Every week the days become warmer. The sun allows its rays to make longer hours on earth, filling every corner with radiant light. The tree behind our house has suddenly turned from a meagre stick into a voluptuous extravaganza of juicy, fresh leaves, evidence of a pending summer through the little high window in our living room.
Inside the house it is cool and shimmering. As in a mediterranean house in one of those tranquil countryside towns, our house dwells in a peaceful street, letting the spring in with its bright blue and smooth breeze.
My room is on the backside of the house. Sat behind my laptop, I try to get some words up on the screen. I type, think, drift off. A big fat bee comes zooming in through the open window. It flies its flight of discovery through my room, then dwells a bit, seemingly hesitant whether to leave the building into the wide spring skies, rooftops with orange panes; buzzing between various sorts of wild grasses appearing in unattended backgardens. Gently, I help it to find the way out of the window. I respect bees, they can only sting once in their life – they need to face the consequences of their one great deed. Plus they’ve got nice fur.
Now the streetside of the house is a different story. My housemate finds himself in a constant struggle to fight the flies out of the room. Flies have a nervous, manic nature. Their skin is harder, uglier, more functional. As in compulsion they maintain an imperfect circle around the lamp that hangs in the middle of my housemate’s room. Their paranoid mania prevents them from ever flying anything slower than TGV speed, never flying straight longer than a split second.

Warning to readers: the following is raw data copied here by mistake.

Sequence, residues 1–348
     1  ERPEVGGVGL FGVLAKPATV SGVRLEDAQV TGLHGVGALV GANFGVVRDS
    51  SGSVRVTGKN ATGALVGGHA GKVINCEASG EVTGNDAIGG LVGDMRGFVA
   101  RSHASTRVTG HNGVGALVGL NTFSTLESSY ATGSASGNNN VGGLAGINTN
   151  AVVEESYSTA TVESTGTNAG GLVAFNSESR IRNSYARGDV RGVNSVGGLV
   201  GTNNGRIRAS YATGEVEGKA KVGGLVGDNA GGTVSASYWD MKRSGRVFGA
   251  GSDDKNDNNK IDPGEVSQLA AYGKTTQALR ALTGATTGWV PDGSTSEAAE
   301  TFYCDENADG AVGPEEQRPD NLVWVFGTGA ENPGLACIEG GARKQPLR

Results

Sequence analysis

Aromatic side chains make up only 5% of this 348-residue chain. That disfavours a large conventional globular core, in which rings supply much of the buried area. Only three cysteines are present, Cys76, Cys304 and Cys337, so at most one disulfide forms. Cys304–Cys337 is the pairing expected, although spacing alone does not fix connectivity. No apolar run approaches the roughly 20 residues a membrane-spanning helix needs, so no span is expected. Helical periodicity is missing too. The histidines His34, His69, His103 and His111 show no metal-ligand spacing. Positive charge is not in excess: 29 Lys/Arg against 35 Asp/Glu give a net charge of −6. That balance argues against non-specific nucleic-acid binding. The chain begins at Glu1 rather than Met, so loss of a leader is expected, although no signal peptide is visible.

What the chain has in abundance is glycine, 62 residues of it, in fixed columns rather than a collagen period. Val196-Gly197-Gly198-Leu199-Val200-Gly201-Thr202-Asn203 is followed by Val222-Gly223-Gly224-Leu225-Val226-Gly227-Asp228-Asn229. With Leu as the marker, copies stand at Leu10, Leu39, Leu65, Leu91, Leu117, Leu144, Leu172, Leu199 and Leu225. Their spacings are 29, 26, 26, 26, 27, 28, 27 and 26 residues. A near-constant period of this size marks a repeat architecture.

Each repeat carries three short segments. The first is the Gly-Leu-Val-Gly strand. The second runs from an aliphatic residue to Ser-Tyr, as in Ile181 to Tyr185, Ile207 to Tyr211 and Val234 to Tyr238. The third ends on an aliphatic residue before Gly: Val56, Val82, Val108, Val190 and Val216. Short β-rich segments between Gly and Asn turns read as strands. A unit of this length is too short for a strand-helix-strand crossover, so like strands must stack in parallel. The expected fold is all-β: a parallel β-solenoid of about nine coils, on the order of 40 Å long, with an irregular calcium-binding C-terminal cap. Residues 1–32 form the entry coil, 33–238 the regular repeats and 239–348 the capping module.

They have reason to be stressed out. My housemate jokingly confided me that if my side of the house is the Bee-side, than his must be the A-side. Today, one of his flies found its way to my room. With a newspaper, I pursued it, until, by some strange fortune, I managed to racket it against the window. I fell straight down.
Throwing the fly out (“And don’t you come back!”), I gazed out over the wasteland of back alleys and dirty gardens. Only then I noticed that a building was gone. Just, gone. It must have been levelled to the ground within a day. We now have new neigbours, I guess. I sighed; too much for one day. The only place I wanted to be on now was the seaside.